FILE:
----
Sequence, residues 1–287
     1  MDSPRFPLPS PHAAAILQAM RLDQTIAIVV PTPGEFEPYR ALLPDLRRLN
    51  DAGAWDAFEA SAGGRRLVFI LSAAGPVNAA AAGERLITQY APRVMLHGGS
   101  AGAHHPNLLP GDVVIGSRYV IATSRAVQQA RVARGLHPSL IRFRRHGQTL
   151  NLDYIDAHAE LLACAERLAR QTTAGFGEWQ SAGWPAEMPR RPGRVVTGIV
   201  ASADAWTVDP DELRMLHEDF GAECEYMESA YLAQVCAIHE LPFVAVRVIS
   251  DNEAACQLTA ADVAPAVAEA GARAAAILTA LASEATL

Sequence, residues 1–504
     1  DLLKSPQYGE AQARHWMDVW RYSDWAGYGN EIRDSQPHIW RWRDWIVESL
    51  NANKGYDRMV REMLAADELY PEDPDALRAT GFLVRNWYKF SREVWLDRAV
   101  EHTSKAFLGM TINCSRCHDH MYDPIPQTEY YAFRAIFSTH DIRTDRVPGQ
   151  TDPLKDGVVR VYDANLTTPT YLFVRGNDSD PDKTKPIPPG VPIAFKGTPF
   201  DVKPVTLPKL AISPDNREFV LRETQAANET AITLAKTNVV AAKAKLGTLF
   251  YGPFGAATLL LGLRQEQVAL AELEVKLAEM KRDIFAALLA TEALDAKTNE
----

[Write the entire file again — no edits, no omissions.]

Sequence, residues 1–287
     1  MDSPRFPLPS PHAAAILQAM RLDQTIAIVV PTPGEFEPYR ALLPDLRRLN
    51  DAGAWDAFEA SAGGRRLVFI LSAAGPVNAA AAGERLITQY APRVMLHGGS
   101  AGAHHPNLLP GDVVIGSRYV IATSRAVQQA RVARGLHPSL IRFRRHGQTL
   151  NLDYIDAHAE LLACAERLAR QTTAGFGEWQ SAGWPAEMPR RPGRVVTGIV
   201  ASADAWTVDP DELRMLHEDF GAECEYMESA YLAQVCAIHE LPFVAVRVIS
   251  DNEAACQLTA ADVAPAVAEA GARAAAILTA LASEATL

Sequence, residues 1–504
     1  DLLKSPQYGE AQARHWMDVW RYSDWAGYGN EIRDSQPHIW RWRDWIVESL
    51  NANKGYDRMV REMLAADELY PEDPDALRAT GFLVRNWYKF SREVWLDRAV
   101  EHTSKAFLGM TINCSRCHDH MYDPIPQTEY YAFRAIFSTH DIRTDRVPGQ
   151  TDPLKDGVVR VYDANLTTPT YLFVRGNDSD PDKTKPIPPG VPIAFKGTPF
   201  DVKPVTLPKL AISPDNREFV LRETQAANET AITLAKTNVV AAKAKLGTLF
   251  YGPFGAATLL LGLRQEQVAL AELEVKLAEM KRDIFAALLA TEALDAKTNE